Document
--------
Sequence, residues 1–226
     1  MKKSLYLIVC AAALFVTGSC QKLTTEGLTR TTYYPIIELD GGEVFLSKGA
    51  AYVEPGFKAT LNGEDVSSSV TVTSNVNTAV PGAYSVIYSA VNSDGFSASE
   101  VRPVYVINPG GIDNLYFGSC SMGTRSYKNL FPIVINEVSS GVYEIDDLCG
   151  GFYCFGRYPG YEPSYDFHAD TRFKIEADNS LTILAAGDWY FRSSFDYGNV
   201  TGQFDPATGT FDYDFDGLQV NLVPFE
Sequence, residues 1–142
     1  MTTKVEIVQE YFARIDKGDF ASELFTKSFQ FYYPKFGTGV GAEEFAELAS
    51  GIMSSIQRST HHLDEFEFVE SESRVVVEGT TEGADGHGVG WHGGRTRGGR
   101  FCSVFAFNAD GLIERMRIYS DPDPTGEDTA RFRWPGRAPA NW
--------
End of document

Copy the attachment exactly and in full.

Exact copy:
Sequence, residues 1–226
     1  MKKSLYLIVC AAALFVTGSC QKLTTEGLTR TTYYPIIELD GGEVFLSKGA
    51  AYVEPGFKAT LNGEDVSSSV TVTSNVNTAV PGAYSVIYSA VNSDGFSASE
   101  VRPVYVINPG GIDNLYFGSC SMGTRSYKNL FPIVINEVSS GVYEIDDLCG
   151  GFYCFGRYPG YEPSYDFHAD TRFKIEADNS LTILAAGDWY FRSSFDYGNV
   201  TGQFDPATGT FDYDFDGLQV NLVPFE
Sequence, residues 1–142
     1  MTTKVEIVQE YFARIDKGDF ASELFTKSFQ FYYPKFGTGV GAEEFAELAS
    51  GIMSSIQRST HHLDEFEFVE SESRVVVEGT TEGADGHGVG WHGGRTRGGR
   101  FCSVFAFNAD GLIERMRIYS DPDPTGEDTA RFRWPGRAPA NW